The early 1900’s game “sweet spelling” used sugar cubes like dice. Letters were written on each side of the cube with ink, omitting difficult letters like X or Z. Each player tossed the cubes onto the table, in hopes that it will spell out a word. The game keeps going until someone finally gets a word. The winner gets to eat the sugar…But who would really want to eat them after everyone has touched them, and they are filled with ink?
Who knew that Christmas day in the 1800’s meant that the kids were very literally kicking each other? One person sits in a chair, with another sits on their knees, and lays their head in the lap of the person sitting down, and closes their eyes. The rest of the kids have to kick the person on their knees.while their eyes are closed, and then they guess who just kicked them. If they guess correctly, they get to stand up and give the spot over to the next kid, who has to be kicked.
10. “Kitchen Sounds” brings out player’s competitive spirits.
This game was popular in the 1800’s and 1900’s. Apparently, people would get very competitive. The party host or hostess goes into the kitchen, while the rest of the guests are in another room that is within earshot of the kitchen. They may need to hang a curtain or a blanket across the doorway to block the player’s view of the kitchen, if necessary.
The host has to start doing a task in the kitchen like chopping vegetables, sweeping the floor, husking corn, etc. The player has to guess what they are doing based on sound alone. The first one to shout out the correct answer gets a point. Whoever can guess correctly the most by the end is the winner.
9. “Wink Murder” gave people an opportunity to dramatically fall to the floor.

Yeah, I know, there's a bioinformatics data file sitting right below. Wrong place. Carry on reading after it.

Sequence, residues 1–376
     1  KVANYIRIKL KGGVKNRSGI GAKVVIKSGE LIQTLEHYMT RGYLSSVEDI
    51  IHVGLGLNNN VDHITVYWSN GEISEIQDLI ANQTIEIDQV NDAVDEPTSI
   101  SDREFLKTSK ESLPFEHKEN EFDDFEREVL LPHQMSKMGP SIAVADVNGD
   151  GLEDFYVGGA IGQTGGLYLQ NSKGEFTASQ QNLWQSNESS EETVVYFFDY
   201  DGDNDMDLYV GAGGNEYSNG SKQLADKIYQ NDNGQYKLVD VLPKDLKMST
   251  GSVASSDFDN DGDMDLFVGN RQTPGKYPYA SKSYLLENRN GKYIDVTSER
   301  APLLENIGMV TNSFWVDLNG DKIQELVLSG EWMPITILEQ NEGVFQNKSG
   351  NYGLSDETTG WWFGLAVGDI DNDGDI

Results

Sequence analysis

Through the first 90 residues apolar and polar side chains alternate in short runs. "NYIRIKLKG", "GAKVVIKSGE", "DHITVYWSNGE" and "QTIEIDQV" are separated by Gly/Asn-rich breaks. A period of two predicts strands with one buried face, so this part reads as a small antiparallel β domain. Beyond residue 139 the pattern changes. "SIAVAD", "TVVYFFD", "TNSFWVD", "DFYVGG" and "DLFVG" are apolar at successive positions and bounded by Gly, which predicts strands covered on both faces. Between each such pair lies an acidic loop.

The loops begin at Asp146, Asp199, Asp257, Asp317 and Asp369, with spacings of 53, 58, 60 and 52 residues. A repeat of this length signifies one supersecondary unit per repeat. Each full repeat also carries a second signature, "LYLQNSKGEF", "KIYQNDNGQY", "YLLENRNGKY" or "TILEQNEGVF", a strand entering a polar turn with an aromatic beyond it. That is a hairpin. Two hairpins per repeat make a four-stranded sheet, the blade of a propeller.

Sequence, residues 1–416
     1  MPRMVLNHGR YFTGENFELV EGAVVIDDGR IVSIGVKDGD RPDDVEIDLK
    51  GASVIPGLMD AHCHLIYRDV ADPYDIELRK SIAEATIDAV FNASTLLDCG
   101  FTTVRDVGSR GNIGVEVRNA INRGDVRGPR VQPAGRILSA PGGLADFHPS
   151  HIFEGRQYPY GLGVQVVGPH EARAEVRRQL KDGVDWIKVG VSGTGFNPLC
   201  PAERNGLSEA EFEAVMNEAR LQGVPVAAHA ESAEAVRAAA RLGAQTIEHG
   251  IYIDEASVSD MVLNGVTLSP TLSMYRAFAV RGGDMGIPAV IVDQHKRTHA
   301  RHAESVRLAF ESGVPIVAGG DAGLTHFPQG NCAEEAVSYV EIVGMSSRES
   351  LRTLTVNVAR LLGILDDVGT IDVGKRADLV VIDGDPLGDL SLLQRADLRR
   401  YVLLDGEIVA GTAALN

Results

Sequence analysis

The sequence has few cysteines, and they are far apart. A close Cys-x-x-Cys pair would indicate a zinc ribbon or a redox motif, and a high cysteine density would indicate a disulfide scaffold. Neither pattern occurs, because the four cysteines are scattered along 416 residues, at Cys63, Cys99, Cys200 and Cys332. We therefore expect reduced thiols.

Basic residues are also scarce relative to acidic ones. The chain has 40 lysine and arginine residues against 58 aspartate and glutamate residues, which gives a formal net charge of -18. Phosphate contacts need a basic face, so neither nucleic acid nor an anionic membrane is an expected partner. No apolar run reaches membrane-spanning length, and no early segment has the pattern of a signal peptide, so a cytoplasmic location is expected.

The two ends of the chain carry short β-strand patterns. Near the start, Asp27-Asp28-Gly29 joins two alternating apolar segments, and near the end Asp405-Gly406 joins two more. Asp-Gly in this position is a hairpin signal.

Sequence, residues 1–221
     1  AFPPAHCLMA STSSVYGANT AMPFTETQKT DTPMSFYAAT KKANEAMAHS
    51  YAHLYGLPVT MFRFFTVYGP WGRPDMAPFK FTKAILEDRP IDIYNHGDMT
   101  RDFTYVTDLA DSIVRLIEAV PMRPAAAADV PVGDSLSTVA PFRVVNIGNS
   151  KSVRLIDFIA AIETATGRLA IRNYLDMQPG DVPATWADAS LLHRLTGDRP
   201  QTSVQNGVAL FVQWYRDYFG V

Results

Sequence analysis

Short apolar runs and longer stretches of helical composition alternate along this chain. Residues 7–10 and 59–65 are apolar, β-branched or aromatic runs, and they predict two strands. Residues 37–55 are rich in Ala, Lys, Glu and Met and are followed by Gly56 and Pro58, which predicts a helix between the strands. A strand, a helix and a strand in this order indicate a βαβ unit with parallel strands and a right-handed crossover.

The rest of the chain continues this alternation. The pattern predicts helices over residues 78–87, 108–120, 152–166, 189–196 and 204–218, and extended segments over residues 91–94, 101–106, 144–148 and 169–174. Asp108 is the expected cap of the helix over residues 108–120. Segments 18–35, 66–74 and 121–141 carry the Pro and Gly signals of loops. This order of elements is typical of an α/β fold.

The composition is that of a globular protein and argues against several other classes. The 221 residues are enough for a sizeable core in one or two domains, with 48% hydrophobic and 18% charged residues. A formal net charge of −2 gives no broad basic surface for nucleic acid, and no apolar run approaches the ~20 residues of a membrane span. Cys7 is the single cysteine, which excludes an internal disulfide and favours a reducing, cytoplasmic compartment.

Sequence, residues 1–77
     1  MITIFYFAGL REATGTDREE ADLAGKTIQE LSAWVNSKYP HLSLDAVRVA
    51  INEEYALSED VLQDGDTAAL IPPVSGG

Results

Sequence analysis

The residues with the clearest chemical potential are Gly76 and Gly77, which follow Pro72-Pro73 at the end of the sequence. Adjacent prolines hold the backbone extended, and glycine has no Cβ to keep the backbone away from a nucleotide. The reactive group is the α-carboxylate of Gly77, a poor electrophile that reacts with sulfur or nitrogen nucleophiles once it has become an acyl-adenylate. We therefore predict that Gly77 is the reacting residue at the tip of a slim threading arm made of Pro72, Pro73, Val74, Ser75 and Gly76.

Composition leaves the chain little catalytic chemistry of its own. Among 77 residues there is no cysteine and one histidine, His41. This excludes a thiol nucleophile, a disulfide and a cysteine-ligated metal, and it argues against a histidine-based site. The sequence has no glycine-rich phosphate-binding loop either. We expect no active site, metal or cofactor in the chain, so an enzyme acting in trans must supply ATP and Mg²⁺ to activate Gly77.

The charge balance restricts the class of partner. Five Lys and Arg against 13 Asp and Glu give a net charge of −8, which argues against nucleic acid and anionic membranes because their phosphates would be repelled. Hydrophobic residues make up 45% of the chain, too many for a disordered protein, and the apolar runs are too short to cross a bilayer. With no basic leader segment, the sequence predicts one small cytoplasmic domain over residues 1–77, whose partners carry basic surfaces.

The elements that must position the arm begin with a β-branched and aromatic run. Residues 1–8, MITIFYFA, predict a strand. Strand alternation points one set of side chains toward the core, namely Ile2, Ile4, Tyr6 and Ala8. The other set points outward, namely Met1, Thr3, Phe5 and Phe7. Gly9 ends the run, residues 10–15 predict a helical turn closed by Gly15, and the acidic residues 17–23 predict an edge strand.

The game “wink murder” is like having a murder mystery night, only without the costumes, characters, and elaborate clues. Party members draw paper from a bowl. One person is given the identity of the murderer, and another is the detective. The rest of the guests are just civilians. No one is allowed to reveal who they are, and just go about the party like they would normally- Talking, laughing, and drinking. But as soon as the murderer makes eye contact with someone, they are supposed to wink. The person who has been winked at must pretend to die, and collapse on the floor. They play dead for the rest of the party. The detective has to figure out who winked before they can start over again.
The game peanut hunt is like an indoor version of an Easter egg hunt. The party host hides peanuts around the house in hiding places, and the guests have to find them. In a more advanced version of the game, the peanut shells have ribbons tied around them, so that the players can only keep their like-colored peanuts. The game doesn’t end until every single peanut has been found. Whoever has the most by the end is the winner, and everyone gets to eat their peanuts as a snack.
7. Players could lose their shirts playing “Christmas Forfeit”.
This was a parlor game that became a Christmas tradition during the Victorian Era. In England, Christmas Eve is spent doing festive and fun parties with friends, Christmas Day is usually spent visiting family and eating dinner, and “boxing day” is the day after Christmas, where everyone unwraps and enjoys their presents. This game was usually played on Christmas Eve, especially among the young 20-sometimes who were going to parties with other single people.